If you time it right, you may be able to catch a glimpse of the International Space Station, which looks like a bright star speeding by at 17,500 miles an hour, 250 miles above the earth. This football-field-sized spacecraft reflects the sun’s rays, making it visible from the ground around dusk or dawn for just a few minutes before it disappears over the horizon. While sightings are fleeting, the ongoing research aboard the space station may have far more enduring effects on those below.
Astronauts aboard the station, which holds the world’s only microgravity laboratory, are conducting experiments for companies like Merck & Co. and Bristol Myers Squibb (BMS) that have the potential to improve drug development and manufacturing. Today’s research is limited by space constraints aboard the craft, but planned initiatives may open up broader opportunities in the future. Over the next decade, NASA is planning an expansion of space-based resources in collaboration with private industry to build infrastructure that could one day lead to improvements in drug delivery and manufacturing, and give a boost to fields like organ transplantation.
Venturing into space
Paul Reichert, associate principal scientist of structural chemistry at Merck, was among the first scientists to promote the idea of conducting an important segment of drug research — protein crystallization — in space.
NASA had a protein commercial crystal-growth initiative in the 1990s and approached Schering-Plough Corp., now Merck, about participating, Reichert said.
“They asked me, since I was a protein crystallization expert, whether I’d be interested in doing microgravity research on board space shuttle missions. Of course, I jumped at the opportunity,” he said.
While space research has faced some starts and stops over the years, today Merck is using the unique microgravity environment on the space station, a multinational collaborative, to study monoclonal antibodies as crystalline suspensions with the ultimate goal of making drug delivery and manufacturing safer and more convenient, Reichert said.
The microgravity environment in orbit is a far better setting to grow high-quality crystals because it reduces sedimentation, molecules move more slowly and scientists can precisely control temperature in experiments, Reichert said. Experiments on the active ingredient in Merck’s oncology drug Keytruda, for example, showed that particle crystals grown in space were smaller and more uniform than ones grown on Earth.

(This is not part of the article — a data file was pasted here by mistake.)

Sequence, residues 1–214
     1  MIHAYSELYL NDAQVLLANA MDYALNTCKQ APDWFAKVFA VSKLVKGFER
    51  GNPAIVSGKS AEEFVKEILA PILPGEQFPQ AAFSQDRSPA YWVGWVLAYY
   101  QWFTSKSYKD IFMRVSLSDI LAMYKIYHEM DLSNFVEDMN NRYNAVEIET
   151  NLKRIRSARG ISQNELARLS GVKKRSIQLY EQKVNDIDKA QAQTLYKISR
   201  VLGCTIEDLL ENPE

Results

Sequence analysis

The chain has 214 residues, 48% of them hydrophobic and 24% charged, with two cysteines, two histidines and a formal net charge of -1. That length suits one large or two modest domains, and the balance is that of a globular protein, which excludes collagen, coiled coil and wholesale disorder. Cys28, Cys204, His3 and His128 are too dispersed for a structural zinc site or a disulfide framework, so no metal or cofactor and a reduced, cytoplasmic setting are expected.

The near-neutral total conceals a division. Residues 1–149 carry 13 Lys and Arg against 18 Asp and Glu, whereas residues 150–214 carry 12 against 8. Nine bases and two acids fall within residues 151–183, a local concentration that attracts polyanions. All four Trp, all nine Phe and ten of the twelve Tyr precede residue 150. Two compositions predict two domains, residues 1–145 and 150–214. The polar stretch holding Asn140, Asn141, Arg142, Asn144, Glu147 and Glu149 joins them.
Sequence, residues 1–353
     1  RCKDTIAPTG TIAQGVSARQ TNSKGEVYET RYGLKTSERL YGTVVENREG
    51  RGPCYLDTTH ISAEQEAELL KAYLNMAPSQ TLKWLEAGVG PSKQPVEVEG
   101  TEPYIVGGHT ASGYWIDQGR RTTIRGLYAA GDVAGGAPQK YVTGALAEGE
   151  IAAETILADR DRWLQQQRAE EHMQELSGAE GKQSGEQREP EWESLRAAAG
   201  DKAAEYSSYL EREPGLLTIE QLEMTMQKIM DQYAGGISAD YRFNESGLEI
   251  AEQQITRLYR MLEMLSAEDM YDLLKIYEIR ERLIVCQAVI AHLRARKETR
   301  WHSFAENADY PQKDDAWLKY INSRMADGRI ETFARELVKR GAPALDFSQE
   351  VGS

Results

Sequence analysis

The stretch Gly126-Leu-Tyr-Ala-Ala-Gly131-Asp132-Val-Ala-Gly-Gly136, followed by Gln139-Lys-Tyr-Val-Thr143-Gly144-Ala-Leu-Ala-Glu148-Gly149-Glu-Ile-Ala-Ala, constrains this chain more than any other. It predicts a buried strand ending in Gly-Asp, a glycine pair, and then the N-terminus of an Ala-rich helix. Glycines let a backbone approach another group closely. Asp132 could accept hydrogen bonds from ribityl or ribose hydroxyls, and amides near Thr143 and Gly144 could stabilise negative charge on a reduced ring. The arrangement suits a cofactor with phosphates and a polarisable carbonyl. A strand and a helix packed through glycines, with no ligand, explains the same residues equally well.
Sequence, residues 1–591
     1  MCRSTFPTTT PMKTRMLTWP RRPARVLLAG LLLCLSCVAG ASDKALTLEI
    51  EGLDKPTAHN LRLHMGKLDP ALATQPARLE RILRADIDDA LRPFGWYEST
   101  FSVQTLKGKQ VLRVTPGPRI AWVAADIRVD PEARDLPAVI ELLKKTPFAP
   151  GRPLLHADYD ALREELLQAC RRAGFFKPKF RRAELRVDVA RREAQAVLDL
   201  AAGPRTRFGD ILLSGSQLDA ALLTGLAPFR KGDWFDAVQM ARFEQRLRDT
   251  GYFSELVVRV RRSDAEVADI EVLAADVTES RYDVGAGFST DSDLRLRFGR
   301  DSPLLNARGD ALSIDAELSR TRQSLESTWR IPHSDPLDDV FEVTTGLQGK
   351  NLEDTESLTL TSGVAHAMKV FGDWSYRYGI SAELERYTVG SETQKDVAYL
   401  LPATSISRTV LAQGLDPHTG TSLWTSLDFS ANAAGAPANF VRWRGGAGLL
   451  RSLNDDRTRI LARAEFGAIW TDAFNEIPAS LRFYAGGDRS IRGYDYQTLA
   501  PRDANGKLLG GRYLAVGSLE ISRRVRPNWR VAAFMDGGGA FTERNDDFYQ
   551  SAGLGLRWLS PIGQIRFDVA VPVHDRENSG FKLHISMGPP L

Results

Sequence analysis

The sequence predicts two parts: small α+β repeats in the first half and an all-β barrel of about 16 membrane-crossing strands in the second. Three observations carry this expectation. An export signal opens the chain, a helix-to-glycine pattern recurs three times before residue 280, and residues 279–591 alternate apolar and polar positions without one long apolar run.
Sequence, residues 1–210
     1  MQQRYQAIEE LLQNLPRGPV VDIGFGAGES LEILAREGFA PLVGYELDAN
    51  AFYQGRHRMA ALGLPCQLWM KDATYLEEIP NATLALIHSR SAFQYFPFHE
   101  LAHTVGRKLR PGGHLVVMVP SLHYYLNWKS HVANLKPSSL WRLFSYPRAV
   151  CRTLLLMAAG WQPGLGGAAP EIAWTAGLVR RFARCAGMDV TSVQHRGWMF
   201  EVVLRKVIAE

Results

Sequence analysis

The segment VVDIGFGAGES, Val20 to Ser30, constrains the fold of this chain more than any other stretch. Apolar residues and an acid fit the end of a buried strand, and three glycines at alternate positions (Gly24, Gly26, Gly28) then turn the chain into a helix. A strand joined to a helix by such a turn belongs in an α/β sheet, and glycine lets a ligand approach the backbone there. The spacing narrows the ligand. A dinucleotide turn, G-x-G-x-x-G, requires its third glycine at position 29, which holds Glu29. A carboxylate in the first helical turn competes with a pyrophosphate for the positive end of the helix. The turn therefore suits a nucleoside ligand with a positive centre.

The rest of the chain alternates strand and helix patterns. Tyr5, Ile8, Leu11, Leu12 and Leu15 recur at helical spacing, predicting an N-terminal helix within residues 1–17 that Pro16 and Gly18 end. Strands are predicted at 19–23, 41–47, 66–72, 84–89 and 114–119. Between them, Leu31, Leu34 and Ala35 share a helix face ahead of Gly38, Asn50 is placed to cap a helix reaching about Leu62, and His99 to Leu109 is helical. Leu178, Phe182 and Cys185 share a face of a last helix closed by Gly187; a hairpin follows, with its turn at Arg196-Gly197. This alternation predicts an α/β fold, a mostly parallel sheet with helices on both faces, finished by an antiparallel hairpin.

“We found that the flight experiment crystals were lower in viscosity and had better injectability properties than the comparable ground experiment,” Reichert said.
Merck was then able to design processes to mimic those results on Earth. Their research could provide patients with an easier, more convenient way to take monoclonal antibody crystalline suspensions. Today, drugs like Keytruda are administered in a cumbersome multi-hour infusion, but one day patients may be able to get the drug as a quick shot at the doctor’s office due to extraterrestrial research.
BMS is also looking beyond Earth’s atmosphere for answers to some of its scientific questions. The company has had a long-standing interest in exploring the potential advantages of a microgravity environment, said Robert Garmise, associate director of material science and engineering at BMS. Right now, it’s also involved in protein crystallization research.
“Now is the time for all the different companies in pharma to consider forming a consortium to share learnings and share experiences to really push forward the types of research that we're doing in space."
Associate director of material science and engineering, BMS
“The reason we're interested in crystallizing proteins (is because) it gives us an understanding of the protein structure and how the protein molecules interact with each other, which can inform things like stability (and the ability to develop) the compound. It's also a way to purify materials. On the small molecule side of things, we use crystallization to purge impurities and increase yields of our drug-substance process,” Garmise said.